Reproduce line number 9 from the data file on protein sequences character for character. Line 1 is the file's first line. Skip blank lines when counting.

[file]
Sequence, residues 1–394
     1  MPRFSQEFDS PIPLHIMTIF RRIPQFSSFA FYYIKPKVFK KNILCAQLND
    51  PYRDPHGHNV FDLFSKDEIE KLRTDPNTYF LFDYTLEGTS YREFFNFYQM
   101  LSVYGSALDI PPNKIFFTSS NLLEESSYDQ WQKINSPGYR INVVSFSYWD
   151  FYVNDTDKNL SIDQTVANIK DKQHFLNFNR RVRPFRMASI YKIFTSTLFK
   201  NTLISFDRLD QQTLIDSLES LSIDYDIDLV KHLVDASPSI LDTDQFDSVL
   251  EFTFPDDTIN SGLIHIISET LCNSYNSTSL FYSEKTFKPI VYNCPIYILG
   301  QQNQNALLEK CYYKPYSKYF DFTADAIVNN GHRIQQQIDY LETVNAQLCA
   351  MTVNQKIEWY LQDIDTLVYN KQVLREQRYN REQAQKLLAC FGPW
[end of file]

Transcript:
   351  MTVNQKIEWY LQDIDTLVYN KQVLREQRYN REQAQKLLAC FGPW